NPR logo

Saadiq Revisits R&B Past In 'The Way I See It'

  • Download
  • <iframe src="" width="100%" height="290" frameborder="0" scrolling="no" title="NPR embedded audio player">
  • Transcript
Saadiq Revisits R&B Past In 'The Way I See It'

Saadiq Revisits R&B Past In 'The Way I See It'

Saadiq Revisits R&B Past In 'The Way I See It'

  • Download
  • <iframe src="" width="100%" height="290" frameborder="0" scrolling="no" title="NPR embedded audio player">
  • Transcript

Raphael Saadiq, the lead vocalist in the late-1980s R&B band Tony! Toni! Tone!, has emerged as solo artist with his new album The Way I See It. Rock critic Ken Tucker has a review.


This is Fresh Air, I'm David Bianculli. Raphael Saadiq's first success came in the late '80s as part of the pop-soul group "Tony! Toni! Tone!" Since that time, he's worked as producer for such diverse acts as Joss Stone, the Roots, and Snoop Dogg and has put out two solo albums. His new one, called "The Way I See It," is Saadiq's homage to earlier eras of rhythm and blues. Rock critic Ken Tucker says it's that and something more.

(Soundbite of song "Keep Marchin'")

Mr. RAPHAEL SAADIQ: (Singing) Well, there's nothing you can do, Well, there's nothing you can say Because ain't everything going to go your way. If you're feeling kind of strange, and you want to lay it down It is hard for you to keep your feet on solid ground. You better keep, keep on, Keep marching, Ohhh keep marching on, You just got to keep on, keep, Oh yeah, keep marching, Keep marching on, Keep marching on.

KEN TUCKER: It's not a stunt. It's not a wallow in nostalgia. Raphael Saadiq's new album "The Way I See It" is the way he hears it. His deep soul grooves have been part of his music for a 20 year career. Over that time, these rhythms have been plastered with different labels, Neo Soul, and remember New Jack Swing?

In recent years, there have been a number of artists trying to recapture the sounds of Motown, Stacks, and Philadelphia International R&B, but the results have been predictably banal. You can reproduce variations on melodies and rhythm, but without an emotional commitment, it's all tedious pandering to baby boomers. For Raphael Saadiq, there's a glowing vibrancy in soul music that allows him to work out themes and ideas.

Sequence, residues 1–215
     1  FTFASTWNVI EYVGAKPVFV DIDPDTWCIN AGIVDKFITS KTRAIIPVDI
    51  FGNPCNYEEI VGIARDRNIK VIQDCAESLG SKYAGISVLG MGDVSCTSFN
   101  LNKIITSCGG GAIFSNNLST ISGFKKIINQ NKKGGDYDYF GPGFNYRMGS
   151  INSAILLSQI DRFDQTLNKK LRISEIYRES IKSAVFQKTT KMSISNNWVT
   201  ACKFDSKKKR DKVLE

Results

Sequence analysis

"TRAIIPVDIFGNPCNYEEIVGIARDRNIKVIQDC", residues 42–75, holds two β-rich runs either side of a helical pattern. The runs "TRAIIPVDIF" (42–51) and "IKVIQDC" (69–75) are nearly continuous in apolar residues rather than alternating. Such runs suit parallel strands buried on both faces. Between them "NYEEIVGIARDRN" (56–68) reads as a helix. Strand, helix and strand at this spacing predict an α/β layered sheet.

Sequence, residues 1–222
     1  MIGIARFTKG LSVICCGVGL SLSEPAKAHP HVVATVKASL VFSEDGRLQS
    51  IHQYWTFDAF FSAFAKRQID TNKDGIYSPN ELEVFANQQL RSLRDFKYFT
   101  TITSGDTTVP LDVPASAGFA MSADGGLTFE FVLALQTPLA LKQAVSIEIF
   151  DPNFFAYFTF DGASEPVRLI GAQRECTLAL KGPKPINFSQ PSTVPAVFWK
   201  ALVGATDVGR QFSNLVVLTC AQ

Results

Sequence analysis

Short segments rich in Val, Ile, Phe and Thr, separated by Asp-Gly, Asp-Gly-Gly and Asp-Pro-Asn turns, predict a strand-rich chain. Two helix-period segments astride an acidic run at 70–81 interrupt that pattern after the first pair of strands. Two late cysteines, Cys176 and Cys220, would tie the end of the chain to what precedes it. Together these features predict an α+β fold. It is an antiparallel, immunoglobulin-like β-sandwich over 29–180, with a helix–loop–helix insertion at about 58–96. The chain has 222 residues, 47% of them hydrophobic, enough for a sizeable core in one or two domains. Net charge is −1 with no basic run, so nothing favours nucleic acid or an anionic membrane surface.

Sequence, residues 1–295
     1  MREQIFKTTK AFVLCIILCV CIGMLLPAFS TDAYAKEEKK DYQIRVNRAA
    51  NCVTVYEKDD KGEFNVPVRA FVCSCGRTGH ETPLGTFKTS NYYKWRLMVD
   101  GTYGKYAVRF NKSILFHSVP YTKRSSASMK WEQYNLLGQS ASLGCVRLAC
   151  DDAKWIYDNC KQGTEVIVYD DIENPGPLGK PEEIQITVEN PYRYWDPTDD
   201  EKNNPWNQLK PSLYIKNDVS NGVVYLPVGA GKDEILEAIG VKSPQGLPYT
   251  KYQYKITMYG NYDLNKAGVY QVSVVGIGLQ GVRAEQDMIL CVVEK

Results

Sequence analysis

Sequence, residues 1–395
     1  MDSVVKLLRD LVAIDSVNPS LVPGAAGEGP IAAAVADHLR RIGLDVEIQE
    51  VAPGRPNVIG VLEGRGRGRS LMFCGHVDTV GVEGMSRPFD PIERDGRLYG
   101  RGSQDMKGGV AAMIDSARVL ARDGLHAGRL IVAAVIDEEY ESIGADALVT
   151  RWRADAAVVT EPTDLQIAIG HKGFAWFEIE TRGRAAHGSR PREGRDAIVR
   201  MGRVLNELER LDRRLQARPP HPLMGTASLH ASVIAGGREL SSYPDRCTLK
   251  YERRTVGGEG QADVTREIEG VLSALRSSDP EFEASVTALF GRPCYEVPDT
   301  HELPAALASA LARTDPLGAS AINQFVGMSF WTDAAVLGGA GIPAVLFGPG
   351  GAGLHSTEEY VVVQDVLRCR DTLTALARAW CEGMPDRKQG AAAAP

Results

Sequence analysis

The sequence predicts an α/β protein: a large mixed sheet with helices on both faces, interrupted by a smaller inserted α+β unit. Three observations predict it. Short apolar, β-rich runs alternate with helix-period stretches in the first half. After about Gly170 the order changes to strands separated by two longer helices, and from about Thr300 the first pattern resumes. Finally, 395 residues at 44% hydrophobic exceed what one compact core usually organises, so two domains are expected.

(Soundbite of song "Sure Hope You Mean It")

Mr. SAADIQ: (Singing) Do you mean what you say When you say that you love me? With all honesty I think I love you. If everyday I think about how special we could be, And how your love is everything to me. In my mind I can see no one but you, Like in my dreams I know I'm holding you. So now tell me the truth 'cause I need to know. See, I want to take control but you got to let me know. Don't pull me baby. Sure hope you mean it, Sure hope you mean it, girl Show you, Show that you love me girl. Don't pull me, baby...

TUCKER: As far back as his work with Tony! Toni! Tone!, Raphael Saadiq has been a singer of doubt, of psychic wounds, of romance undergoing a test. On that song, Saadiq is waiting for a positive sign from the object of his affection. No blustering love man, he croons, I want to take control, but you've got to let me know. This could've been the confession of a wimp, but that's where the authoritative snap of Saadiq's music gives him a bracing strength. He's in this for the long haul or a fast burst. Like this one called "100 Yard Dash."

(Soundbite of song "100 Yard Dash")

Mr. SAADIQ: (Singing) Girl I try to run but couldn't get to far, My heart is pumping but still running in place. No matter how hard, I try to ditch your touch, When you're away too little will count as too many, But every time I want, I made it Oh so bad. But I'm running to get my heart beating so fast. I heard that you could make a man change his place That's why I'm running fast, I'm running the 100 yard dash. I ran for the hills. Oh girl, there you were. How you appear. You see I'll never know. I told her parting words about me at temple base, Then light me a smoke So I can sing some jazz. Now here comes the late...